Limits...
Impact of thromboprophylaxis across the US acute care setting.

Huang W, Anderson FA, Rushton-Smith SK, Cohen AT - PLoS ONE (2015)

Bottom Line: In this retrospective database cost-effectiveness evaluation, a decision-tree model was developed to estimate deaths within 30 days of admission and outcomes attributable to VTE that might have been averted by use of low-molecular-weight heparin (LMWH) or unfractionated heparin (UFH).The cost-effectiveness analysis indicated that VTE-prevention strategies would reduce deaths by 0.5% and 0.3%, comparing LMWH and UFH strategies with no prophylaxis, translating into savings of $50,637 and $25,714, respectively, per death averted.By extrapolating these findings to the NIS and applying cost-effectives analysis results, the full implementation of ACCP guidelines would reduce number of deaths (by 15,875 if using LMWH or 10,201 if using UFH), and was extrapolated to calculate the cost reduction of $803M for LMWH and $262M for UFH.

View Article: PubMed Central - PubMed

Affiliation: Center for Outcomes Research, University of Massachusetts Medical School, Worcester, Massachusetts, United States of America.

ABSTRACT

Background: The risk of venous thromboembolism (VTE) can be reduced by appropriate use of anticoagulant prophylaxis. VTE prophylaxis does, however, remain substantially underused, particularly among acutely ill medical inpatients. We sought to evaluate the clinical and economic impact of increasing use of American College of Chest Physicians (ACCP)-recommended VTE prophylaxis among medical inpatients from a US healthcare system perspective.

Methods and findings: In this retrospective database cost-effectiveness evaluation, a decision-tree model was developed to estimate deaths within 30 days of admission and outcomes attributable to VTE that might have been averted by use of low-molecular-weight heparin (LMWH) or unfractionated heparin (UFH). Incremental cost-effectiveness ratio was calculated using "no prophylaxis" as the comparator. Data from the ENDORSE US medical inpatients and the US nationwide Inpatient Sample (NIS) were used to estimate the annual number of eligible inpatients who failed to receive ACCP-recommended VTE prophylaxis. The cost-effectiveness analysis indicated that VTE-prevention strategies would reduce deaths by 0.5% and 0.3%, comparing LMWH and UFH strategies with no prophylaxis, translating into savings of $50,637 and $25,714, respectively, per death averted. The ENDORSE findings indicated that 51.1% of US medical inpatients were at ACCP-defined VTE risk, 47.5% of whom received ACCP-recommended prophylaxis. By extrapolating these findings to the NIS and applying cost-effectives analysis results, the full implementation of ACCP guidelines would reduce number of deaths (by 15,875 if using LMWH or 10,201 if using UFH), and was extrapolated to calculate the cost reduction of $803M for LMWH and $262M for UFH.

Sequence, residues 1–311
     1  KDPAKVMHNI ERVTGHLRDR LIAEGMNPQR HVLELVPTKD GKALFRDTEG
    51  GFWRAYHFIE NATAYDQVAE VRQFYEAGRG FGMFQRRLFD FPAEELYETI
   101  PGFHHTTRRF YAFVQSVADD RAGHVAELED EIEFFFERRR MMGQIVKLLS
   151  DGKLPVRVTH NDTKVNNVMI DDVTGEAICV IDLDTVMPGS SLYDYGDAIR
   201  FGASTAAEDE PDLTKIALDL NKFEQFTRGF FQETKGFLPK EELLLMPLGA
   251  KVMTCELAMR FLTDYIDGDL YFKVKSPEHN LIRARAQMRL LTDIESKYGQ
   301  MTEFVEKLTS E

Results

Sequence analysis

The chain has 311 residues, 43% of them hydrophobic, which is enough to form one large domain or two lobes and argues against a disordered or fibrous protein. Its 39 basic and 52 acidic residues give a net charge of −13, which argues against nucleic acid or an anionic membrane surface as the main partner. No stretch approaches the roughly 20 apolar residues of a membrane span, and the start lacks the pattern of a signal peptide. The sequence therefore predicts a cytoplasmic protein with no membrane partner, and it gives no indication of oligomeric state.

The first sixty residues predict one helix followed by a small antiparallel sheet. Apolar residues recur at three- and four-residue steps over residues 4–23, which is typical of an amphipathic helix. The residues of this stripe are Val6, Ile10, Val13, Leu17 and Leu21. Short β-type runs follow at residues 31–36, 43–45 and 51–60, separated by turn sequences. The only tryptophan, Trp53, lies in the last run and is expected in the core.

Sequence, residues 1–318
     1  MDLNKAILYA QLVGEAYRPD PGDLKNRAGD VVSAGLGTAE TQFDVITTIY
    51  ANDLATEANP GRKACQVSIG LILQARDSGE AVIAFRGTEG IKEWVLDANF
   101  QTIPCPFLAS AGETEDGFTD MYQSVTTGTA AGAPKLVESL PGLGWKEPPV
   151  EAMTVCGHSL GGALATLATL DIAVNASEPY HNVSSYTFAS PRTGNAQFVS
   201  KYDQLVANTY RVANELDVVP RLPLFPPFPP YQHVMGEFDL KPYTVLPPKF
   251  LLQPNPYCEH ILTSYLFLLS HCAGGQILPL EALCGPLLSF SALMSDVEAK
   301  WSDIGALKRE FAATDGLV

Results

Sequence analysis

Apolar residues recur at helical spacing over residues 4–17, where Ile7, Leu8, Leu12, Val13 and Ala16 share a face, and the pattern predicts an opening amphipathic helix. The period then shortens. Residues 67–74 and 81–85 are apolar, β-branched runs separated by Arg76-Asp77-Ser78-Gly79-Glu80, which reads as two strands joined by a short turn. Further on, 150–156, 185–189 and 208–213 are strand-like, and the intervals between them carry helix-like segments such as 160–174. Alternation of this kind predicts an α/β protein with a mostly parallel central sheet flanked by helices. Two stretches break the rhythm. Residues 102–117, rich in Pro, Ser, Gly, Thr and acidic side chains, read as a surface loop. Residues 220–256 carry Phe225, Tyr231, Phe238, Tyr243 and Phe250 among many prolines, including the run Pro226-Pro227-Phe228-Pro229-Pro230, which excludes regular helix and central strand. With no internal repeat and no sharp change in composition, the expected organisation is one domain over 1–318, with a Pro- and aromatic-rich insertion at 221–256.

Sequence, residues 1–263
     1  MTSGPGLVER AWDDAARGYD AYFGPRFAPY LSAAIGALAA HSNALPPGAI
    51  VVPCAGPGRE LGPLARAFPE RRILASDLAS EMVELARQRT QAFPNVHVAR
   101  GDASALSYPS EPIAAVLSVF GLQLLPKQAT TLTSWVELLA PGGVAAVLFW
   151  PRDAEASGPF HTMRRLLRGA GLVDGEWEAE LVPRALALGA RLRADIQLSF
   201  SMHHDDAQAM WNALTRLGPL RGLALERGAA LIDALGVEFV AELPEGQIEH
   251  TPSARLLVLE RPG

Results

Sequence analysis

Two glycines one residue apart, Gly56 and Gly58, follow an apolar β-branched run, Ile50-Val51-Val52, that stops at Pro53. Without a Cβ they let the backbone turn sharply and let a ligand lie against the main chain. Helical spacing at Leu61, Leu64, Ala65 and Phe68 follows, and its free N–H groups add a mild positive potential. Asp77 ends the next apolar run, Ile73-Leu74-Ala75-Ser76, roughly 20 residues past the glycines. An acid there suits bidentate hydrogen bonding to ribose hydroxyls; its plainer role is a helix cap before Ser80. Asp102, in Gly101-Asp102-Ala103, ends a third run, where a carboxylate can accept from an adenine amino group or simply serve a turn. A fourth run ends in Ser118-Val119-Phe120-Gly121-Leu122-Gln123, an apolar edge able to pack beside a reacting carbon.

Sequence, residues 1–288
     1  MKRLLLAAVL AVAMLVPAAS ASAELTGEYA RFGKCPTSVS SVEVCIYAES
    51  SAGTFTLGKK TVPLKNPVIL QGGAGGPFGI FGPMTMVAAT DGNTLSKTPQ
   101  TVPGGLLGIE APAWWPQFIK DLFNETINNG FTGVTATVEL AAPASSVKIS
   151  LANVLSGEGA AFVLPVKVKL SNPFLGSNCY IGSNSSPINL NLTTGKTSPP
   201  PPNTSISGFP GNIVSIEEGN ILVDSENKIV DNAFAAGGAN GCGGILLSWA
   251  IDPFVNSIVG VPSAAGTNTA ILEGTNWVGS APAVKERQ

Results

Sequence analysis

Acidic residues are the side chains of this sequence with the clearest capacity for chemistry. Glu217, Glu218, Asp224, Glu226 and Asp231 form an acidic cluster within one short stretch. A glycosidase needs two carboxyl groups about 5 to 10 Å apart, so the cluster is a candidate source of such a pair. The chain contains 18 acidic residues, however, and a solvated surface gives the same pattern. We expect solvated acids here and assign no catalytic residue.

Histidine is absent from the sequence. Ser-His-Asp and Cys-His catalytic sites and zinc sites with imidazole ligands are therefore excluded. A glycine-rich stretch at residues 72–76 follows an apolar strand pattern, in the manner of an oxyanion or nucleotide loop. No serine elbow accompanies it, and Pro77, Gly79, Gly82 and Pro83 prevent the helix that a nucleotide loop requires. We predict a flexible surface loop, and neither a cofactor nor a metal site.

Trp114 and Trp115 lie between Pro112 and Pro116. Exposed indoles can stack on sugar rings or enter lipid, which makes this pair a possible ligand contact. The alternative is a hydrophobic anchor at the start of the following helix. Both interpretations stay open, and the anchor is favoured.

Conclusions: Efforts to improve VTE prophylaxis use in acutely ill inpatients are warranted due to the potential for reducing VTE-attributable deaths, with net cost savings to healthcare systems.

No MeSH data available.


Related in: MedlinePlus

Cost-effectiveness acceptability curve based on a Monte Carlo simulation (10,000 iterations).bid, twice daily; IU, international units; qd, daily; VTE, venous thromboembolism.
© Copyright Policy
Related In: Results  -  Collection

License
getmorefigures.php?uid=PMC4376674&req=5

pone.0121429.g003: Cost-effectiveness acceptability curve based on a Monte Carlo simulation (10,000 iterations).bid, twice daily; IU, international units; qd, daily; VTE, venous thromboembolism.

Mentions: One-way sensitivity analyses of key estimates in our decision-tree model indicated that as long as the probability of developing PE after DVT without treatment is above 14%, both prophylaxis strategies are cost-effective compared with no prophylaxis (Fig. 2A). Second, the probability of death among PE patients who survived from the critical period immediately after the acute event increased from 0% to 26% (point-estimate in the decision-tree model); the overall reduction in death rates ranged from 0.1% to 0.5% for the LMWH strategy, and from 0% to 0.3% for the UFH strategy, compared with no prophylaxis (Fig. 2B). Third, the LMWH strategy is always dominant (Fig. 2A, B), regardless of the exact value of the two estimates. The Monte Carlo simulation with 10,000 iterations indicated that: (1) regardless of the cost per death averted, over 50% of iterations indicated that the LMWH strategy is cost-effective; (2) if the healthcare system is willing to pay approximately $5,000 per death averted, the UFH strategy starts to have higher probability of being cost-effective compared with no prophylaxis (Fig. 3).